As my time at Insight’s Massachusetts office comes to a close and my international placements are about to start, I’ve found that things are much more up in the air than I had initially intended. However, with not a lot of time left in Concord, I am excited to report that with the magnificent help of Dan Green, an Insight Consultant and the first Insight Fellow, I am slated to work with FINCA, an international institution specializing in microfinance in Kampala, Uganda. I’m particularly excited about this placement because I will have the opportunity to talk to Ugandans who are receiving loans from FINCA, namely a first-hand look into how business is being used as a solution to unique problems people are facing in their communities and lives.
While I am still working out the official start date with FINCA, I have been able to secure my second international placement in Bali, Indonesia with the ROLE Foundation. The Foundation’s mission is to “empower marginalized women through skills education as a means to develop sustainable communities in Indonesia,” and I will be working to bring Insight’s content to both the staff of the organization, and the women they serve.
In the meantime, Insight President, David Siebel, has offered me the amazing opportunity to present some of the Insight material to a corporate client. At the end of the month I’ll be putting my skills to the test and teaching and facilitating with a real audience. I began practicing with David, and we found that while I have a great handle on the content, I’m struggling with delivering it in a way that is engaging and shows my interest in what I’m teaching. We came to the conclusion that I need to shift from delivering like a teleprompter – i.e., a constant stream of information – to delivering like a telegram, i.e., making very deliberate stops and pauses. Hopefully, I can master that before the end of the month for a successful program!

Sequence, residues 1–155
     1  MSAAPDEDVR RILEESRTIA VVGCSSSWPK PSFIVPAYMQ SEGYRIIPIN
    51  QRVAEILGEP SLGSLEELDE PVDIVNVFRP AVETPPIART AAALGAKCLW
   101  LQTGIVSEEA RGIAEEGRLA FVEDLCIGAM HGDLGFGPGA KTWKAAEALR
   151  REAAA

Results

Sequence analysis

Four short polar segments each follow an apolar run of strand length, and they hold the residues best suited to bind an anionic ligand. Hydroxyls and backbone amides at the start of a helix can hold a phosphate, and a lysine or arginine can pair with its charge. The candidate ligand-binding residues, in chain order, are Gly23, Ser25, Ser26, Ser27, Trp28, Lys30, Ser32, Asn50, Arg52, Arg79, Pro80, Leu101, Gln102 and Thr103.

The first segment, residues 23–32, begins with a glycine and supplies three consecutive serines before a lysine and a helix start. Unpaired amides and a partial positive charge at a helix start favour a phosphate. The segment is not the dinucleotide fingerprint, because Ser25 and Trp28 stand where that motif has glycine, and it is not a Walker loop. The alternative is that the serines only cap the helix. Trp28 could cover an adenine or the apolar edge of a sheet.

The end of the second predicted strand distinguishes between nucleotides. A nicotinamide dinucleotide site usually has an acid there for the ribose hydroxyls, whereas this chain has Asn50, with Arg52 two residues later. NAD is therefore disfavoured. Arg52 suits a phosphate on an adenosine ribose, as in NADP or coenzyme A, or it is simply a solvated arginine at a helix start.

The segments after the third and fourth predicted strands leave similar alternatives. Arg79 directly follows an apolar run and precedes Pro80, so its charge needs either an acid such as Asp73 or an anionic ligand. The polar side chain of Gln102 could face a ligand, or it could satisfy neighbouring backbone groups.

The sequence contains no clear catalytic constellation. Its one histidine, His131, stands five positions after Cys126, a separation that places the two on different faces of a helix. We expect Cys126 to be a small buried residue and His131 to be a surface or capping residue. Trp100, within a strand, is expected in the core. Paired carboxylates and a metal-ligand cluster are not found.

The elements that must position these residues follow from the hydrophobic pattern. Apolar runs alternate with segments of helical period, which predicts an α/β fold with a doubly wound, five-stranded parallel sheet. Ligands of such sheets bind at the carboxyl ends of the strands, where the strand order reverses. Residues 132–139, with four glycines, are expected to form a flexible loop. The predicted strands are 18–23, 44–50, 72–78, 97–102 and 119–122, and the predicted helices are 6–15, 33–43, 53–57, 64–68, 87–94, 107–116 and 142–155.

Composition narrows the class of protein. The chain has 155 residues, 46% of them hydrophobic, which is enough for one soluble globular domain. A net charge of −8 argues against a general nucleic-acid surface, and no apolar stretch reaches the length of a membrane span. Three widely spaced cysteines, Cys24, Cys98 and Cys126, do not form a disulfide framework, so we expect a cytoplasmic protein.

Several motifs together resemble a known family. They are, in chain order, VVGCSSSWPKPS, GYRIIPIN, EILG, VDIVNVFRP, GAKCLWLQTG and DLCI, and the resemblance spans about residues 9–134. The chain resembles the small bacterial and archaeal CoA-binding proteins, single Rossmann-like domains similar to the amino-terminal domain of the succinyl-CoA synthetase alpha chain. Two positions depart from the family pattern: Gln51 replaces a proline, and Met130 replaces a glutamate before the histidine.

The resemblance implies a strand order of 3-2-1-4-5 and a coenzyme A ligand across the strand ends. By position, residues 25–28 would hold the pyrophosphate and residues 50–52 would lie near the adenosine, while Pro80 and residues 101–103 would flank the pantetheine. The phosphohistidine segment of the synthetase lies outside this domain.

Journal September 2 – September 15, 2015 – Concord, MA
As I mentioned in my last entry, David Siebel gave me the opportunity to deliver content in front of one of Insight’s corporate clients. Before presenting I was a very different kind of nervous – I knew I understood and was very familiar with the material I was presenting, but I didn’t know how my audience would react. Further, this was my first time having to really engage and converse with an audience about the content I was presenting. The goal was to be a telegram, not a teleprompter – to take mindful pauses and keep my audience interested. While I feel confident that my delivery speed was good, and that my audience did grasp the concepts I taught, there is still work to be done! What my section was lacking was enthusiasm on my end – smiling, and showing the audience that I am present and engaged in their conversation.
I have been reflecting on this, and I have come to the conclusion that my lack of visible enthusiasm is a self-confidence issue. There is a fear tucked away in my head somewhere telling me that if I’m enthusiastic, I will look absolutely ridiculous, and in turn, nobody will take me seriously. In dance classes as a kid, before our competitions our teachers would beg us to exaggerate our facial expressions and the choreography in practice. No matter how ridiculous we felt we looked, they guaranteed us from that the audience’s perspective we just looked like we were having an absolute blast. The choreography looked cleaner and sharper, and we looked we were in complete control and having a good time. At a dance competition it is being self-conscious that will knock you from an Ultimate Gold to a High Silver. Over the next nine months I’m looking forward to delivering different segments of Insight’s content with self-confidence to take home the Ultimate Gold.